If your company invests in technology and operations to drive cost efficiency and eliminate duplication, you aren’t alone. IT organizations are under constant pressure to reduce spending. According to a February 2011 CA Technologies survey of 225 mainframe customers, 75 percent said reducing IT costs was their top objective for 2011. Companies today are looking for ways to facilitate additional investments by increasing operational efficiency.
Mainframe customers have, for several years, been reducing the number of vendors they work with. These shops want to reduce costs, but at an acceptable level of risk. Lowering the Total Cost of Ownership (TCO) requires a solid understanding of current and projected product acquisition, operating, and maintenance costs.
The most widespread reason organizations pursue mainframe software rationalization projects is to reduce the software maintenance run rate. Other reasons include to simplify management, improve security, integrate acquired companies, increase product functionality, and improve ease-of-use.
As examined here, certain best practices for mainframe software rationalization can help maximize your cost savings and support IT service levels equal to or greater than levels before the conversion.
Rationalization Project Starting Point
To start, identify your business, application, and infrastructure requirements. The most successful rationalization projects clearly define the scope, requirements, and objectives for product functionality, IT service levels, and cost savings. A seasoned project manager will define the project scope and project plan, and clearly link project goals with strategic goals.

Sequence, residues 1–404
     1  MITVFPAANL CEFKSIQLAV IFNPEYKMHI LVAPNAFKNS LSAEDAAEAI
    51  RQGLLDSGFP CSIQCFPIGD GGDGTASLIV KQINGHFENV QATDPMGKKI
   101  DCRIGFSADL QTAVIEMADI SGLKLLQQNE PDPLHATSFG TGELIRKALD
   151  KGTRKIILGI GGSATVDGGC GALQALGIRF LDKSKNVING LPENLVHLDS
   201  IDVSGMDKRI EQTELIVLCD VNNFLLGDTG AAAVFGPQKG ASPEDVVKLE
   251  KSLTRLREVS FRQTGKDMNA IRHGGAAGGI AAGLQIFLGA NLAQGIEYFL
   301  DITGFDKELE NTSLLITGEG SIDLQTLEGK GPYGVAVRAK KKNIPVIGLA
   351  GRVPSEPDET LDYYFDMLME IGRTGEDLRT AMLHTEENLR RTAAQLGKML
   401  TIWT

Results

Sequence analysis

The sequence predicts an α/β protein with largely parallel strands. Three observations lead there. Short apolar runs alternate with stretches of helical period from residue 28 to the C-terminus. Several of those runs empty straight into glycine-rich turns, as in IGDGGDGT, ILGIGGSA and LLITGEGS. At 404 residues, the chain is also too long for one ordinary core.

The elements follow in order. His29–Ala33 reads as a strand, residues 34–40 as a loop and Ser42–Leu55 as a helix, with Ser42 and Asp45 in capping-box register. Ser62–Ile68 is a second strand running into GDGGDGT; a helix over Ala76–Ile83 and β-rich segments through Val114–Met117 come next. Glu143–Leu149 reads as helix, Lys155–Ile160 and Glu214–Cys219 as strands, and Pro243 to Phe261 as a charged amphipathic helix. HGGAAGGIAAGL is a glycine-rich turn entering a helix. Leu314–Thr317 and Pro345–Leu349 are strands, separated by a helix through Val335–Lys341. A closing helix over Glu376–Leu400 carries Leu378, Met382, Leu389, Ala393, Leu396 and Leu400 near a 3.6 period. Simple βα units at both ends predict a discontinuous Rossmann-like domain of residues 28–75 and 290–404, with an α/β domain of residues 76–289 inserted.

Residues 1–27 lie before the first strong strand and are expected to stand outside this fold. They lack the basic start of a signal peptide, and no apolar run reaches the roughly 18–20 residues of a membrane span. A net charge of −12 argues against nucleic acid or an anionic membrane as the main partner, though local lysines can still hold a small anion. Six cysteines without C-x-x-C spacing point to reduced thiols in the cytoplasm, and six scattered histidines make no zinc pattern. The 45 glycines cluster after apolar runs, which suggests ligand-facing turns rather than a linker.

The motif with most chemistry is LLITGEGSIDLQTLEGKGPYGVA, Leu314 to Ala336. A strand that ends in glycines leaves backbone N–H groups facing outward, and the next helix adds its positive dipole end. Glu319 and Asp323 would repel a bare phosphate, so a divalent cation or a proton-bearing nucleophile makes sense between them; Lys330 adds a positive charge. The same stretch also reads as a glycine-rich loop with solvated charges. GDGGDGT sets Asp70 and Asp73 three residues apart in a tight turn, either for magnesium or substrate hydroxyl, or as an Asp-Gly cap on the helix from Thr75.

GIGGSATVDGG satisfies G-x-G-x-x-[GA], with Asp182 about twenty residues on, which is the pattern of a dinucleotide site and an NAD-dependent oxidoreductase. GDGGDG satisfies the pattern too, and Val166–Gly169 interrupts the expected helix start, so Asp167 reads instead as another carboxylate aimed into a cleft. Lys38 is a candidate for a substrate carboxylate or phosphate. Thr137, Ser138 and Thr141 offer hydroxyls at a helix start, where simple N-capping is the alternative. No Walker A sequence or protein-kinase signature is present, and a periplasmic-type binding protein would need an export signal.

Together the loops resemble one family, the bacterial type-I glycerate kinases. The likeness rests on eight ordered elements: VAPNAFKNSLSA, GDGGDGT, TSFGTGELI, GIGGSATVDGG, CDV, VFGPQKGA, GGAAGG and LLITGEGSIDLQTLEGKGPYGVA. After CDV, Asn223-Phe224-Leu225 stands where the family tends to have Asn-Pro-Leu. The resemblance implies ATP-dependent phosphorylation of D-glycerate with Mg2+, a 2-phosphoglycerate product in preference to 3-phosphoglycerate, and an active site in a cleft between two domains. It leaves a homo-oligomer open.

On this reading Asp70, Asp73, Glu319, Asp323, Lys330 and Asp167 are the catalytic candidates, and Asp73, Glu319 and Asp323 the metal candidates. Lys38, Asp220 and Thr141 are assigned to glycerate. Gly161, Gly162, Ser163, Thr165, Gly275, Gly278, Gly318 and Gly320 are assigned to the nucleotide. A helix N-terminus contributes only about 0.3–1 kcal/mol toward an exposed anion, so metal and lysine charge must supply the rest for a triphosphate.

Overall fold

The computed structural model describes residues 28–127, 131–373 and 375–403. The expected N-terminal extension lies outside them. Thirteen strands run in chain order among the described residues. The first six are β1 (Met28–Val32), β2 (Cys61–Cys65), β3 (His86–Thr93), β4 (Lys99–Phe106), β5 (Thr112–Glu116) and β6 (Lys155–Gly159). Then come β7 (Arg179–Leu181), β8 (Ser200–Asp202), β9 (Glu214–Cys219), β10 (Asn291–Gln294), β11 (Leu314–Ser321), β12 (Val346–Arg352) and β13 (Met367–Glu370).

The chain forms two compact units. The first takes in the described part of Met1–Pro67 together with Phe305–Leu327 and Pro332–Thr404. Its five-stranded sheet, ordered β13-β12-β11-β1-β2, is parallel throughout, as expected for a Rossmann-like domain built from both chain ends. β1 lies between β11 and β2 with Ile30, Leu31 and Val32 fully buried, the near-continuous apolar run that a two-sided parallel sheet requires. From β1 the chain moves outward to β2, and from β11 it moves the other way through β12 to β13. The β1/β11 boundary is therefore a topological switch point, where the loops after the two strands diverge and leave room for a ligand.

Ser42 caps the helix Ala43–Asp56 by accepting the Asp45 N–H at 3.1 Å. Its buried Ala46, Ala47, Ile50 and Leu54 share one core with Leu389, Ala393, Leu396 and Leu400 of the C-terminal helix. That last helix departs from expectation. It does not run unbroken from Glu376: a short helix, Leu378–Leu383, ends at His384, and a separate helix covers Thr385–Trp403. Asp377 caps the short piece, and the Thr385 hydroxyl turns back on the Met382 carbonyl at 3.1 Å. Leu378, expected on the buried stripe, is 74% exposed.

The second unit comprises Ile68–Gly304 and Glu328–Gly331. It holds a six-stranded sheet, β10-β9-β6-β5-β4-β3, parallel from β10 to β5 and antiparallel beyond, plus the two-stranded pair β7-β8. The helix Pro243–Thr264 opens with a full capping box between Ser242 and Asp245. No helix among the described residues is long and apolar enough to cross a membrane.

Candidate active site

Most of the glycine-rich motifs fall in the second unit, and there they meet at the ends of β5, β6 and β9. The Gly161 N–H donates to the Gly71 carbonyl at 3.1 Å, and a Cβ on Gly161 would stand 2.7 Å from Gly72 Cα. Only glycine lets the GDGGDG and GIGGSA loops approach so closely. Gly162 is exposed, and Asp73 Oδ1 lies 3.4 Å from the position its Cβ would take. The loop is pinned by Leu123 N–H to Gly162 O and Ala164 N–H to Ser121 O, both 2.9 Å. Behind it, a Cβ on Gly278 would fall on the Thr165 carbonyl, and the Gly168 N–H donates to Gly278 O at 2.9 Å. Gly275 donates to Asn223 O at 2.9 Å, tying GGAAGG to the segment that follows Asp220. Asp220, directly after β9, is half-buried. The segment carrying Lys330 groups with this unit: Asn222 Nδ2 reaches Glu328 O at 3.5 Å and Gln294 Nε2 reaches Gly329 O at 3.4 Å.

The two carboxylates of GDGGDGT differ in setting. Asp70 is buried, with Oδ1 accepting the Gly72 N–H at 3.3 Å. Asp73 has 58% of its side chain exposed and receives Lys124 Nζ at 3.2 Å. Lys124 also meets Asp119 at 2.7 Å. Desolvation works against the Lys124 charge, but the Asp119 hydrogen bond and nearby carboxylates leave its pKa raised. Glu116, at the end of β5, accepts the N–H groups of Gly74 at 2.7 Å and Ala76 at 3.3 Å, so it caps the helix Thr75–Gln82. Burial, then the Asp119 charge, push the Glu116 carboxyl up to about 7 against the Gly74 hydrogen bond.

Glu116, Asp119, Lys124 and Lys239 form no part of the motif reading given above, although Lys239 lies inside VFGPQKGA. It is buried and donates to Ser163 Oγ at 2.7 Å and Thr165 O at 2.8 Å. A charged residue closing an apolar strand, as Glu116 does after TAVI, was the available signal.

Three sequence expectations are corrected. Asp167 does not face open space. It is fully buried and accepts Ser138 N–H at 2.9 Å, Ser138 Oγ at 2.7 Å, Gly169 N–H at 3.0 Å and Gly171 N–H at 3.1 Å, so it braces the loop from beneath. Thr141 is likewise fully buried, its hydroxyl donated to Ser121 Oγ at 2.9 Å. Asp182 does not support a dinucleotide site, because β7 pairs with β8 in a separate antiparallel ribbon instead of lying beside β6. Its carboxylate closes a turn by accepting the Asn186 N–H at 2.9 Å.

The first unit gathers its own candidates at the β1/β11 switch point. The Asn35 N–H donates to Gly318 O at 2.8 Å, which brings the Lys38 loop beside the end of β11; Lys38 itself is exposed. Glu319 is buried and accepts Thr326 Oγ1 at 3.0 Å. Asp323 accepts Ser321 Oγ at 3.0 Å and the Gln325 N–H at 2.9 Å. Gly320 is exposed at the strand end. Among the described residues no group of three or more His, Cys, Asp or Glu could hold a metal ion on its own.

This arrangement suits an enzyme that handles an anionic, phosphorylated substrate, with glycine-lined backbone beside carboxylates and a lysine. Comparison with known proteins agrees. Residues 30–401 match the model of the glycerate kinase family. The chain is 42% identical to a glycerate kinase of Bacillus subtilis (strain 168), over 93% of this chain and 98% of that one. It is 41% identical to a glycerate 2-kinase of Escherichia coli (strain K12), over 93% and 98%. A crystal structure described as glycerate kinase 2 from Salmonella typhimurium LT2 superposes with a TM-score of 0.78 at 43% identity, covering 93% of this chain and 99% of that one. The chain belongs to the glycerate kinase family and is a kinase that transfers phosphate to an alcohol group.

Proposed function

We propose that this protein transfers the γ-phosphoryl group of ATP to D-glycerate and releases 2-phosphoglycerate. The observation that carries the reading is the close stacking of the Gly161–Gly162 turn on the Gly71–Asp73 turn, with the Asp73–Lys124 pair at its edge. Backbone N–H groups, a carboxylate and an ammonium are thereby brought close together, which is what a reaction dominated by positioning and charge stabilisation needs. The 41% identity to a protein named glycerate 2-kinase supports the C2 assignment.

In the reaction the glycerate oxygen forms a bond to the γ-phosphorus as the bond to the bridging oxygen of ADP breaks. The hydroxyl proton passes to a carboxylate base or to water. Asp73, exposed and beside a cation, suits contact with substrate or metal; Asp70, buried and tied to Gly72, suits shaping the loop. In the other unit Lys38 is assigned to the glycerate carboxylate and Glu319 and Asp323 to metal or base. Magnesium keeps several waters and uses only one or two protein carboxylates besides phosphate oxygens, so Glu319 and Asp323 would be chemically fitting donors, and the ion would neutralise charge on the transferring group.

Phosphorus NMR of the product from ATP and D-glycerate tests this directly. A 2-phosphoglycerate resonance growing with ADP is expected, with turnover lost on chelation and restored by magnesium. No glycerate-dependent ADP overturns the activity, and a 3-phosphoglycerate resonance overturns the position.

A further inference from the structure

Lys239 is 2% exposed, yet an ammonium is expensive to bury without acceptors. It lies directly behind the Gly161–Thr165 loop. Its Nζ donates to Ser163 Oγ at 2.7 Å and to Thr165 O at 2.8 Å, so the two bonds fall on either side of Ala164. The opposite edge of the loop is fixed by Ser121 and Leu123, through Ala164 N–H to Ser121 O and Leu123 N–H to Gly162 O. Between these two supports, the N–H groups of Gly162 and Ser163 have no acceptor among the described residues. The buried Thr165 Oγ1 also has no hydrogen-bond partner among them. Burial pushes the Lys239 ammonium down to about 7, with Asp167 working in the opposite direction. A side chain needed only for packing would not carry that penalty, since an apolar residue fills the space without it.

The cornerstones of good project management are the three “D’s”: dollars, dates, and deliverables. To deliver projects on time and on budget, the project manager will also develop a detailed project plan and schedule to meet the business, application, and infrastructure requirements, including user acceptance criteria.
Once you have identified your requirements, it’s critical to document your existing IT and application infrastructure, including operational costs and business value. You could accomplish this pre-conversion discovery and analysis by interviewing different stakeholders and documenting your findings. However, given the complexity of today’s IT environments, a manual discovery process will fail to uncover significant features of your IT environment. Most stakeholders are primarily aware of IT services in their areas of responsibility and may not identify some of the dependencies in areas that have been successfully running “under the radar” for years. Omissions can greatly increase project risk.
You need a more sophisticated approach that uses automated discovery tools that map your IT and application infrastructure and identify the installed and executing set of software products and the IT services those products support. Analysis tools can provide detailed visibility into how often applications are run, how widely they’re deployed, and which IT applications and services they support. These tools need to scan System Management Facility (SMF) data, Job Control Language (JCL) libraries, procedure libraries, and control cards to identify jobs, procs, and control cards that use software products from supporting vendors. Using discovery and analysis tools reduces the cost and time of conducting the initial assessment, provides transparency, and increases the accuracy of conversion estimates, improving the probability the conversion project will succeed.
Capture as much insight into the complexity of the migration as you can during this discovery and analysis phase. Review with your vendor the linkages between the IT services you provide and the IT infrastructure you plan to rationalize. This review is vital; it helps you and your replacement vendor identify potential migration and business risks and assess the ability to accurately perform a technical conversion for a given rationalization project.